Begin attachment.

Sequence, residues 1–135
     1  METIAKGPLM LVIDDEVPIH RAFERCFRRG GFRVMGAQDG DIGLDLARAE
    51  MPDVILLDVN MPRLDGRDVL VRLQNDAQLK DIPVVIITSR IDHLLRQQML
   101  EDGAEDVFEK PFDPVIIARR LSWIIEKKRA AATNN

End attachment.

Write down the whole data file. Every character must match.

Sequence, residues 1–135
     1  METIAKGPLM LVIDDEVPIH RAFERCFRRG GFRVMGAQDG DIGLDLARAE
    51  MPDVILLDVN MPRLDGRDVL VRLQNDAQLK DIPVVIITSR IDHLLRQQML
   101  EDGAEDVFEK PFDPVIIARR LSWIIEKKRA AATNN